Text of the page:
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Going Mobile to Stop Pathogens in Minnesota
Minnesota Ag Connection - 02/12/2020

On a hot July day, Peter Larsen, assistant professor in the Department of Veterinary and Biomedical Sciences, trekked with two researchers from his lab--Kenwyn Shriner, a second-year doctor of veterinary medicine/master of public health student, and Laramie Lindsey, a postdoctoral associate--through the deep woods of Minnesota's Itasca State Park.

The team is redefining testing for Borrelia, the bacteria responsible for Lyme disease, by performing genetic sequencing on the pathogen to better understand how it moves, evolves, and functions.

One Health--a scientific approach revealing the complex relationship between humans, domesticated animals, and wildlife--is essential to the survival of all species on earth. Many diseases have adapted to spread across this web of animals and humans, infecting our food supply, wiping out endangered species, and shaking our ecosystem at its core.

In a traditional lab, testing material for pathogens such as Borrelia takes at least three days. A new U of M mobile lab gets DNA sequencing in less than 12 hours. The entire lab fits into just two medium-sized suitcases.

"Everything here can run on battery packs," says Larsen. The effort in Itasca "ground truthed" the efficacy of his team's approach before they traveled to the University of Malaysia, Sarawak (UNIMAS) in Borneo, Malaysia, to establish an international partnership around the mobile lab.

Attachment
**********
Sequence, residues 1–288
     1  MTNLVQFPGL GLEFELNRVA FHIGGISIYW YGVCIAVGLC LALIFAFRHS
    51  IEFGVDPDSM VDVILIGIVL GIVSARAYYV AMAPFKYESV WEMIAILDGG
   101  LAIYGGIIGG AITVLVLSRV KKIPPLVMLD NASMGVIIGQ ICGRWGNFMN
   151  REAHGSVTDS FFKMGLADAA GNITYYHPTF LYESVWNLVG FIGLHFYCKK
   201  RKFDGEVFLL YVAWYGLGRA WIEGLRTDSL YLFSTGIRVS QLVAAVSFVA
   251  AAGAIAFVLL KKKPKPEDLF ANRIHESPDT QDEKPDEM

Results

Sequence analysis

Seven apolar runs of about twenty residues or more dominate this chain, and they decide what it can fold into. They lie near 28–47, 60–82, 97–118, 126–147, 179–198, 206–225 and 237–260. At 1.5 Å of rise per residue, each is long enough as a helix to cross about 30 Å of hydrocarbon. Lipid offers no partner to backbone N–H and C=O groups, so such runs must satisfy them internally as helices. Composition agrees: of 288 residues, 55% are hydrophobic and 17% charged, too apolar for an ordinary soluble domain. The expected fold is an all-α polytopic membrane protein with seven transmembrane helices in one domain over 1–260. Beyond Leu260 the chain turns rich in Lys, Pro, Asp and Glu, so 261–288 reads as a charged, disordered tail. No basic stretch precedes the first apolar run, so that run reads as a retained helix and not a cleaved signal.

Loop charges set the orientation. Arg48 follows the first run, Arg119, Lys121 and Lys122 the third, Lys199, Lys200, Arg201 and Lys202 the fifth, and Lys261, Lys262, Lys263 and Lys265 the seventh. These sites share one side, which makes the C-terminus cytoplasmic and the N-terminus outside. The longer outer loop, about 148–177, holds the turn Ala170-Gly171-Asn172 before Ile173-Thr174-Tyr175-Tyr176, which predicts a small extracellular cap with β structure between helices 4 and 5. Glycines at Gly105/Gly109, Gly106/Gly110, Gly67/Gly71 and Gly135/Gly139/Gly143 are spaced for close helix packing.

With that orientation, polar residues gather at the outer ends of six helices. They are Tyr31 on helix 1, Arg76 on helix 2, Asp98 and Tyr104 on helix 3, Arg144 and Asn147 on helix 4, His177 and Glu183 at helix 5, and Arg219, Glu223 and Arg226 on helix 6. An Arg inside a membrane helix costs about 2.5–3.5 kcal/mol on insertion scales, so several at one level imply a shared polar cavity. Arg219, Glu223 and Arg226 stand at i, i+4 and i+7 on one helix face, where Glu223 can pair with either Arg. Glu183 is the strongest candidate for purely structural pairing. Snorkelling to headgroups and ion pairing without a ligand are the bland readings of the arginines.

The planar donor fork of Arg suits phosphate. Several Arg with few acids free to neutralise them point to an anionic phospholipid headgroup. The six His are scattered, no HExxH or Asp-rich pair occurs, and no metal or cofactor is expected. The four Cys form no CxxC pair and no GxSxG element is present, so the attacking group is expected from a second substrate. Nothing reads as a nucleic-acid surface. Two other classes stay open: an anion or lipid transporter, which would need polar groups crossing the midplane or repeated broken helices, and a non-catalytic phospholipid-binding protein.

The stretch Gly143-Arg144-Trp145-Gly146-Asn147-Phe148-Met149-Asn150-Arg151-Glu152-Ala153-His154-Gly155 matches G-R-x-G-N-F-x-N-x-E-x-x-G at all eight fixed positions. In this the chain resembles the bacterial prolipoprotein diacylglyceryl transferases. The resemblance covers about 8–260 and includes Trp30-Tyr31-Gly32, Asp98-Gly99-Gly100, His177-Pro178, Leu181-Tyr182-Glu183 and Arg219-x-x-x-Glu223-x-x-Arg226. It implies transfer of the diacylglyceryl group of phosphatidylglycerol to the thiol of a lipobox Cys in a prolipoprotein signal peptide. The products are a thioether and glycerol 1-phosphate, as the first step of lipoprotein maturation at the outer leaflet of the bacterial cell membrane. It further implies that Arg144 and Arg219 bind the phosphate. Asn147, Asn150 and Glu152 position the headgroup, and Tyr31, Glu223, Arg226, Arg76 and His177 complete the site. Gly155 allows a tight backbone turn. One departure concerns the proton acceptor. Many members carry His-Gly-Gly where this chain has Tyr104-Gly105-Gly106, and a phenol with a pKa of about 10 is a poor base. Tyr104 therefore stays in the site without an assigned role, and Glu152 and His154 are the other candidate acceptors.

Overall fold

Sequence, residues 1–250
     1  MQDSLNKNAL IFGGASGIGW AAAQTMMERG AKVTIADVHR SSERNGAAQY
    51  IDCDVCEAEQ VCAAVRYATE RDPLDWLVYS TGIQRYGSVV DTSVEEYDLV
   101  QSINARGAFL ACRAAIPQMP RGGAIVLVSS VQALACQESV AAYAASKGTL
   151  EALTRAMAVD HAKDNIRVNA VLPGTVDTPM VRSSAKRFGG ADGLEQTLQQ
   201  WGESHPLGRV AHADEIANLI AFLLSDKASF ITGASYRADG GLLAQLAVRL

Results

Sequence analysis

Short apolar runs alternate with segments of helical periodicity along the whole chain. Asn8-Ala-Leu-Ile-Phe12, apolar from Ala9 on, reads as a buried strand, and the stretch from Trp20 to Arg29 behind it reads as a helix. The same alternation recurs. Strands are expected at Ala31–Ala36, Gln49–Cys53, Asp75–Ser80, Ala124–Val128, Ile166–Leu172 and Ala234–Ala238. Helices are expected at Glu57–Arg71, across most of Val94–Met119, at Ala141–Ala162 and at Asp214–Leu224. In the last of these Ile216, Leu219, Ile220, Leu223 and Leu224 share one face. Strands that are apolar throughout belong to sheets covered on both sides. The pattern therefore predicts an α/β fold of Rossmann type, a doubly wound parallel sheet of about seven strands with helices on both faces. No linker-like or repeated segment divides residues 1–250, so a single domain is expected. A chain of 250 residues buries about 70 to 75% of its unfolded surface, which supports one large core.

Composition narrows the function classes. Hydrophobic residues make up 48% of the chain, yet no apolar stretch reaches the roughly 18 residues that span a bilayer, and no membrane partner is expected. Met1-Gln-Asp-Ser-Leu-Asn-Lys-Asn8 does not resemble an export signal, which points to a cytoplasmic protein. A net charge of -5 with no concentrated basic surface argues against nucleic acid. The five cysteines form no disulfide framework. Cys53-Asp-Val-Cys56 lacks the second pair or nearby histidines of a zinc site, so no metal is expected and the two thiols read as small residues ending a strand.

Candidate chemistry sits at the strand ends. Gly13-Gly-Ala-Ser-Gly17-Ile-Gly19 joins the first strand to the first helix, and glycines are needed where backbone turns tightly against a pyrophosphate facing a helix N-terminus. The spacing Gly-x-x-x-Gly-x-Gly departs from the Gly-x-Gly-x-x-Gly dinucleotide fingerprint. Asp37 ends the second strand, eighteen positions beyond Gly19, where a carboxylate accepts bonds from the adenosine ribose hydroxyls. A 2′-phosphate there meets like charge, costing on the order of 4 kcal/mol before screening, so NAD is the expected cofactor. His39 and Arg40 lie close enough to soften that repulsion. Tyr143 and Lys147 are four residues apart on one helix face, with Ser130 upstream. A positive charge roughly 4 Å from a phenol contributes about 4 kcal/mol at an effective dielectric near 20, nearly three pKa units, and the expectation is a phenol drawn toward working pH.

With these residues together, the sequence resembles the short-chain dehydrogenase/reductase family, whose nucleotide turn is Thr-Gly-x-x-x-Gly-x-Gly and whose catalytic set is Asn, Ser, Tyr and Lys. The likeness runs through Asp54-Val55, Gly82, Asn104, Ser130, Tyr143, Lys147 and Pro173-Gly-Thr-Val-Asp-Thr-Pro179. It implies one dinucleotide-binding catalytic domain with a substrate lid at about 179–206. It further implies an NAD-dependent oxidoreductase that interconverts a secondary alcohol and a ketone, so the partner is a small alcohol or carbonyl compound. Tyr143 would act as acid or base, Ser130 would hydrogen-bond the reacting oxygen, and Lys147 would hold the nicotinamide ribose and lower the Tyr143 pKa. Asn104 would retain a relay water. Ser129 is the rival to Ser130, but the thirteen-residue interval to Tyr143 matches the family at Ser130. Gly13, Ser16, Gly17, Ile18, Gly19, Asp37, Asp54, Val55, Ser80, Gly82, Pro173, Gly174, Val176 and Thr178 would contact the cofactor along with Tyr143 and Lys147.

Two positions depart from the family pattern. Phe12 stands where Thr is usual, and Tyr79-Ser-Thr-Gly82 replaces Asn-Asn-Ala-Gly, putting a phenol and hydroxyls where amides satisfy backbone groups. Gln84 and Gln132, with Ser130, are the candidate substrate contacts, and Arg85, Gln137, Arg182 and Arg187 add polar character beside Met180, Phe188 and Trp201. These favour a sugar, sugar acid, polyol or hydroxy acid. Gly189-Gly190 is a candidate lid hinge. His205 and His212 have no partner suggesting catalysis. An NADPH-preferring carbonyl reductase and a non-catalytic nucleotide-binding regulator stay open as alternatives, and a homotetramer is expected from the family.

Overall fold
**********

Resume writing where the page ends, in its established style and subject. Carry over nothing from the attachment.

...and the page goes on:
"The region we went to is in some of the oldest rainforest in the world," says Shriner. "It's an area where there is a lot of ecological diversity that is unexplored because the infrastructure of gathering samples in the rainforest, keeping them cool, and transferring them back to a traditional lab is too high of a barrier. Now, we can bring the lab to the rainforest."

In the summer of 2020, the UNIMAS and College of Veterinary Medicine researchers are planning an intensive expedition that will investigate emerging foodborne pathogens in the area.

"The success of this expedition means that there will be a day when multiple labs like this could be deployed around the world," says Larsen. "This will change the landscape of bio surveillance, species discovery, molecular epidemiology--a wide variety of scientific endeavors."

According to Larsen, the University of Minnesota is one of the first in the United States to use this technology in this way.

"We have shown proof of concept within Minnesota," Larsen says. "It opens up so many avenues for discovery in molecular-based research anywhere on Earth."

The approach could someday be applied to Lyme disease, Ebola, African swine fever, foodborne diseases, or any other emerging threats, including coronaviruses--helping create a network of scientists equipped to respond to global game changers as they evolve.

In the future, says Larsen, "Scientists having access to this technology opens up many doors for understanding and providing real time data during an outbreak such as what we are seeing right now with the emerging coronavirus. Rapid, real-time surveillance is critical to understanding how diseases emerge, spread, and impact people, animals, and the world we share."

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